Sure, we're watching to see if Yu Darvish can follow up on a big second half and if Craig Kimbrel still has something left, but most every other player is a known commodity. Maybe Ian Happ can step it up in center field.
Maybe Adalberto Mondesi still has a chance of developing into a useful all-around player instead of just a steals specialist, and maybe Whit Merrifield can get back to being a big-time base-stealer himself. Pitching-wise, though, there's nothing going on — not unless the Royals decide to turn the page to Brady Singer and Daniel Lynch.
If Alex Verdugo's back is in good shape, he has the potential to emerge as a quality third outfielder and maybe even a batting title contender, but there isn't much mystery to this roster otherwise. Can Andrew Benintendi bounce back?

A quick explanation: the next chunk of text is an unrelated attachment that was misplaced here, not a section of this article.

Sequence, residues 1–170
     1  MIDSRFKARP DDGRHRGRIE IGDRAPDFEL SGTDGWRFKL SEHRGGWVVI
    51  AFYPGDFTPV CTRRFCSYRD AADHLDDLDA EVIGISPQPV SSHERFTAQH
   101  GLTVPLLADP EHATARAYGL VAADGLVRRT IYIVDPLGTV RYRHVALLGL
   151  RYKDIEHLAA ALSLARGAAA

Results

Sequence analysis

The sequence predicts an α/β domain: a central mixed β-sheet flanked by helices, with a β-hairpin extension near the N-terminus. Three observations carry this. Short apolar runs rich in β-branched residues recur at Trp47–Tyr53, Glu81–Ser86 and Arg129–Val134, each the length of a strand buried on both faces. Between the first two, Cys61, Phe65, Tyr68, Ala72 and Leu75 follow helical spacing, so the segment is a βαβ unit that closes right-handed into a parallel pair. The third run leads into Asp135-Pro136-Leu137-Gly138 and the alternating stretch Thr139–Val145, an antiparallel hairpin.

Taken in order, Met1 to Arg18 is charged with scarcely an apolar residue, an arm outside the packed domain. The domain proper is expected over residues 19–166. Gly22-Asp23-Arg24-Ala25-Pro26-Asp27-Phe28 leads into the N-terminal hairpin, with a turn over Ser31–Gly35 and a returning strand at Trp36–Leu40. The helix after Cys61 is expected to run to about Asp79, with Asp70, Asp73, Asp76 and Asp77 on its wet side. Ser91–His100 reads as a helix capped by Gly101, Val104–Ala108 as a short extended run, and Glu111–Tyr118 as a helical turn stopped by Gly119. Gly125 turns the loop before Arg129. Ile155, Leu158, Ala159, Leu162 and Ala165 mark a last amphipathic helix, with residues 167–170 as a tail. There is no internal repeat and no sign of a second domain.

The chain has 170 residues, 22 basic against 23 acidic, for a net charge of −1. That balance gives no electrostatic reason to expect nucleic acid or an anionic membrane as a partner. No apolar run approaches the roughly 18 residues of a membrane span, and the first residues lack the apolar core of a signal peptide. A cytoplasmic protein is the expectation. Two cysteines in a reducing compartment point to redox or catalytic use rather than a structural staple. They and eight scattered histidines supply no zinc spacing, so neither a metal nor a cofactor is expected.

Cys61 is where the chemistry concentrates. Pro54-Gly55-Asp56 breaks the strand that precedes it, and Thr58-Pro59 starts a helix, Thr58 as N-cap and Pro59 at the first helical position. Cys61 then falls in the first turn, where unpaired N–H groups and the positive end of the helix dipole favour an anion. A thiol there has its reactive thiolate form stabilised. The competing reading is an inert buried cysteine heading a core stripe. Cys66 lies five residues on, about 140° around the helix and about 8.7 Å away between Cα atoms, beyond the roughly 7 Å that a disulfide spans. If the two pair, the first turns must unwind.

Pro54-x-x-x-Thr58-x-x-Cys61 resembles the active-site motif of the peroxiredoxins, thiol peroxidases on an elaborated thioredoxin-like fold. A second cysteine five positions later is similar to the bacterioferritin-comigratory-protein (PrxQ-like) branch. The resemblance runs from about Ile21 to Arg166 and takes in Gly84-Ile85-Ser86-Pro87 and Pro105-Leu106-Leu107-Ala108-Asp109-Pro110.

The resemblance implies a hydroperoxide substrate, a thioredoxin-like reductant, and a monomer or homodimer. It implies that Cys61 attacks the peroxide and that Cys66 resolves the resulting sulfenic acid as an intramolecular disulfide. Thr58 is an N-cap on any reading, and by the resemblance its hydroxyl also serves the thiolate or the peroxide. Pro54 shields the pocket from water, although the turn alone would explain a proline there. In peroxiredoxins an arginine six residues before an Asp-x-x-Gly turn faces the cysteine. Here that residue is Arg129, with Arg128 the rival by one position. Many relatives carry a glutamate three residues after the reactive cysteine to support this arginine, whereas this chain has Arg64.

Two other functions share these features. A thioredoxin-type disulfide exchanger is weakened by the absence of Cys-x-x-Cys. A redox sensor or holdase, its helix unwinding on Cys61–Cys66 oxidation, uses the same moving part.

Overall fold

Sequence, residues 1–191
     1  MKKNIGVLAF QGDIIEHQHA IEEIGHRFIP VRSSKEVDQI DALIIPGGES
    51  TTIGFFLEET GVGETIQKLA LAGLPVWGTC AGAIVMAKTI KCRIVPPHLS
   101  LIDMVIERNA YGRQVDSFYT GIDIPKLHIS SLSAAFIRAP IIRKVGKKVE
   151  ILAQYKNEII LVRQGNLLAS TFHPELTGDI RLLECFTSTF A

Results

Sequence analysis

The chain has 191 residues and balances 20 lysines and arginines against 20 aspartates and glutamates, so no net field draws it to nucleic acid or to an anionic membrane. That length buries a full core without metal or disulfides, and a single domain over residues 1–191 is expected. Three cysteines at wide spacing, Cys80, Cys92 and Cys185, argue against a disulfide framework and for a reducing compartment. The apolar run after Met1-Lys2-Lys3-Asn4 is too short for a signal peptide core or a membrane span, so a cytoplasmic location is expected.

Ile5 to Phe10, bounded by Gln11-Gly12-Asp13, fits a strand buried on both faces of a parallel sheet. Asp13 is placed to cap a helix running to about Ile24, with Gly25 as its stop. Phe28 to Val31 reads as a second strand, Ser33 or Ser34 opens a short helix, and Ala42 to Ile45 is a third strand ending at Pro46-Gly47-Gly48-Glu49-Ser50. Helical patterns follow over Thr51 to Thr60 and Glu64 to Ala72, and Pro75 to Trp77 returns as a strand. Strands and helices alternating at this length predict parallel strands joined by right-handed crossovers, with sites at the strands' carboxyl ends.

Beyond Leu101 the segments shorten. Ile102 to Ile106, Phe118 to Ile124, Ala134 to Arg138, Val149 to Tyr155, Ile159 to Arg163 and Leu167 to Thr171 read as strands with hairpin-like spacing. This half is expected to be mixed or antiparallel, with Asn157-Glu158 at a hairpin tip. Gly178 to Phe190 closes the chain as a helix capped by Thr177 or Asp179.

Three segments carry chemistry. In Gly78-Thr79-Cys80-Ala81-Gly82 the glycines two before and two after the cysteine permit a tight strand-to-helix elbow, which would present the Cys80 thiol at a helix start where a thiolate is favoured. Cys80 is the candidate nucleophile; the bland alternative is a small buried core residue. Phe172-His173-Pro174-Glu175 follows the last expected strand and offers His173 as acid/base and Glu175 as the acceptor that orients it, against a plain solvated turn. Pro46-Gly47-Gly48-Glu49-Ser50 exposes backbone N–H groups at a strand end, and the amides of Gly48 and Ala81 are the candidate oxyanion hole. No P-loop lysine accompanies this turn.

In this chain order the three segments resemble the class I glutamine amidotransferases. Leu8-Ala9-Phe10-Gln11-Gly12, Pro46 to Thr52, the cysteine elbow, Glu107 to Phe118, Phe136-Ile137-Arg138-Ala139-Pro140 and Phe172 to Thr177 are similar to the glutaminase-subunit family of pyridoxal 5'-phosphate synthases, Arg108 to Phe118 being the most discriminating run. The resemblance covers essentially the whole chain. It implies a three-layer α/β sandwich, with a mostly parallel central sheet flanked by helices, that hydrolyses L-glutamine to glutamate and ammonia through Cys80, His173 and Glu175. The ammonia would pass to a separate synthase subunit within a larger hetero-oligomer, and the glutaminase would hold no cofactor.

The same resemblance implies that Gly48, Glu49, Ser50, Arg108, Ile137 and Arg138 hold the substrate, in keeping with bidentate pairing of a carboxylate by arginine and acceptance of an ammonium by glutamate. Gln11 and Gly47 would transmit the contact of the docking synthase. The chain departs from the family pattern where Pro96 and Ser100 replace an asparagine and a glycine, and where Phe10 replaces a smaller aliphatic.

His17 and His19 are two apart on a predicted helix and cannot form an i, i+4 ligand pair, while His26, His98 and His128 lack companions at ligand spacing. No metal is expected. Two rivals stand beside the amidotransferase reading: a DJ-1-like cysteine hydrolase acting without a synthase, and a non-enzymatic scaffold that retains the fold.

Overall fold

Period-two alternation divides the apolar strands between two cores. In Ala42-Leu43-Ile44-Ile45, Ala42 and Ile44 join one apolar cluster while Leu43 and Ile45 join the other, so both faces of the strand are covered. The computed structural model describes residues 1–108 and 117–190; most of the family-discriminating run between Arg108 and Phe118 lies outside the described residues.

They're in the play-out-the-string phase of their rebuild now, so a bunch of castoffs aren't going to generate much interest. Full-time jobs could lead to worthwhile production from Mike Yastrzemski and Mauricio Dubon, and maybe we see catcher prospect Joey Bart midseason.
Will the real Matthew Boyd please stand up? Will Miguel Cabrera show he has something left? Will they turn things over to top pitching prospects Casey Mize, Matt Manning and Tarik Skubal? I'm not holding my breath on that last one.
The only thing worth caring about, really, is when Ryan Mountcastle gets called up and where he plays. And he's only, like, a second-tier prospect. I guess outfielder Austin Hays could still turn into something. Maybe Hunter Harvey becomes a worthwhile closer?